Judy Woodruff, Ann Compton, Candy Crowley and David Folkenflik look back at the life of groundbreaking journalist Helen Thomas, who died Saturday at age 92.
Molly Ball, Carlos Lozada, James Warren and David Folkenflik discuss Mark Leibovich’s exposé of Washington and how journalists have reacted to its revelations.
Kevin Cullen, Keith Jenkins and David Folkenflik examine the controversy behind Rolling Stone’s cover photo of alleged Boston bomber Dzhokhar Tsarnaev.
David Flokenflik talks to WDRB general mananger Bill Lamb about his network’s decision to do away with the term “breaking news.”
Clarence Page, Clinton Yates and David Folkenflik discuss the media’s role in the national conversation on race.
David Folkenflik gives his thoughts on the life and legacy of Helen Thomas.
By Elizabeth Cherneff, CNN
We’ve got a busy show planned for Sunday with our ‘Reliable Sources’ guest host, David Folkenflik of NPR. We’ll discuss coverage and reaction following the not guilty verdict in the Zimmerman trial, but until then, here are some other stories that caught our eye this week:
Television critics and fans were abuzz over this year’s Primetime Emmy nominations, but it was Netflix that made Emmy history Thursday with a drama series nomination for ‘House of Cards.’ The popular DC-set series earned 9 nominations total, marking the first time an online-based series has been nominated alongside cable and network programming. With ‘House of Cards’ actors Kevin Spacey and Robin Wright earning nominations, along with ‘Arrested Development’ actor Jason Bateman, Netflix has proven to be a competitive outlet for original /web-based programming over the past year.
“40 signs you can publish any old crap nowadays as long as it’s well-targeted.” That’s the premise behind ‘demolisticles,’ a phrase coined by Reuters editor Chadwick Matlin. The term is also the subject of a recent piece written by Slate’s Will Oremus. Using Buzzfeed pieces like ’23 Signs You Did Mock Trial’ and ’21 Signs You’re Dating a Designer,’ as examples, Oremus highlights the website’s business strategy as a driving factor behind stories that go viral, arguing that they ‘need only be carefully tailored to appeal to one very specific demographic.’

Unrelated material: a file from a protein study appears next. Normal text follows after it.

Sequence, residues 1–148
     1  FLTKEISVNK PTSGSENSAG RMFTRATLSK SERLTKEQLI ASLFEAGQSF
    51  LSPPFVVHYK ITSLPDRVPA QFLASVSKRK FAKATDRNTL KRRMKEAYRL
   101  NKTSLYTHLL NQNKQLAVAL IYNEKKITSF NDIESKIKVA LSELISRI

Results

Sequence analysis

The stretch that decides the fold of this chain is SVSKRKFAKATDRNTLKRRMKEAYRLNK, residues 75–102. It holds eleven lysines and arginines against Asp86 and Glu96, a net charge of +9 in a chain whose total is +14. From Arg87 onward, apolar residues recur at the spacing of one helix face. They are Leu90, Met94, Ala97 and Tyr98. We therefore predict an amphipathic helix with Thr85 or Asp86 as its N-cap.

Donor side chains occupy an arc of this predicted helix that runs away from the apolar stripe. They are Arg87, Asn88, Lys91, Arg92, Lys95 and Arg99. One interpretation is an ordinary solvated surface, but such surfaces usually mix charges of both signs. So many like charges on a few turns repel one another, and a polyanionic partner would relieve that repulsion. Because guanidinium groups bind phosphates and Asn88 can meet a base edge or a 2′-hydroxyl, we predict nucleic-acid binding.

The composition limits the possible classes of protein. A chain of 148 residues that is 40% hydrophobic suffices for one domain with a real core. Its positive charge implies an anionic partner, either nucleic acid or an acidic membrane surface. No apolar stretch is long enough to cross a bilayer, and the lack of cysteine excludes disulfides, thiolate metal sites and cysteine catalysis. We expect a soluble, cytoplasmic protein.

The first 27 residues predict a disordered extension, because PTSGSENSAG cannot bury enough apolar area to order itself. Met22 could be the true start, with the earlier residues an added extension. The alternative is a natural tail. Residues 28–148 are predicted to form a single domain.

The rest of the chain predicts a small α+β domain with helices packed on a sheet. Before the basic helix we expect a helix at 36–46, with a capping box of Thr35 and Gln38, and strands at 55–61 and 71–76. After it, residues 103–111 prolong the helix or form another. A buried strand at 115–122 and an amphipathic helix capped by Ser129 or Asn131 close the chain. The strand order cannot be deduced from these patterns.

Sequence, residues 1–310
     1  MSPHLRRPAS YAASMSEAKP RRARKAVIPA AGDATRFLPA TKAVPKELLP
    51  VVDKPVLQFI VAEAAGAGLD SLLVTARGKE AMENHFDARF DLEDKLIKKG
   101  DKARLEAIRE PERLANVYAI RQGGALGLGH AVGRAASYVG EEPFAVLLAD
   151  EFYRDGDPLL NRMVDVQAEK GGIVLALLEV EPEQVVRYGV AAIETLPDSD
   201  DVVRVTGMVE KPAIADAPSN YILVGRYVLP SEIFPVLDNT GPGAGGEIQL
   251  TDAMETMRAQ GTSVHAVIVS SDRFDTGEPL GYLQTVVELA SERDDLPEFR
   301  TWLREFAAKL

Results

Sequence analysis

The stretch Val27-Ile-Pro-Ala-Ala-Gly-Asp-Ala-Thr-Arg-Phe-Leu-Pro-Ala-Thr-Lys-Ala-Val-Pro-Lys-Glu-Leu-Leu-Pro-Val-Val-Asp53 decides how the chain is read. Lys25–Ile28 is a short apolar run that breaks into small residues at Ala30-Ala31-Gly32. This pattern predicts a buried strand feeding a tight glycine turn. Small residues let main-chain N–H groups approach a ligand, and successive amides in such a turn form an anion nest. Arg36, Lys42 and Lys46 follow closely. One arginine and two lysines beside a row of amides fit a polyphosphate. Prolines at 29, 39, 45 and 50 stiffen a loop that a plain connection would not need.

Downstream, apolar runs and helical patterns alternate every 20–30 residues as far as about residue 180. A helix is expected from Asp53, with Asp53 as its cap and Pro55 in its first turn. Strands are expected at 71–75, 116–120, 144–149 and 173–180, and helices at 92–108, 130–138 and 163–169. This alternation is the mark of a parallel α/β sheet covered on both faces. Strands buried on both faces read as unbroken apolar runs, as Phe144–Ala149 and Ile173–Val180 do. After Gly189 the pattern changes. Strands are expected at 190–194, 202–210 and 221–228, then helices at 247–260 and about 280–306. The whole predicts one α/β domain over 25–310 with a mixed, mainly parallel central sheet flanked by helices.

On the heels of SyFy’s made-for-tv smash hit ‘Sharknado,’ the network announced this week that a sequel is indeed planned for 2014. In an effort to keep the social media momentum going, SyFy is encouraging fans to tweet their #Sharknado title suggestions, saying the network will choose the sequel title from the online submissions. According to the network, the film, which premiered Thursday July 11th, garnered 5,000 tweets per minute at its peak.
Al Jazeera America is set to launch next month, but the brand and vision for the US-based network is resulting in some tensions behind the scenes. In a recent piece, The Guardian’s Glenn Greenwald speaks with AJAM’s deputy news editorial director Paul Eedle about concerns and complaints from both inside and outside the network regarding the channel’s overall vision. On the topic of whether the network will take a more mainstream approach, Eedle said the channel’s message would be “give us a try and make up your own mind.” The network has set a launch date for ‘before the end of August.’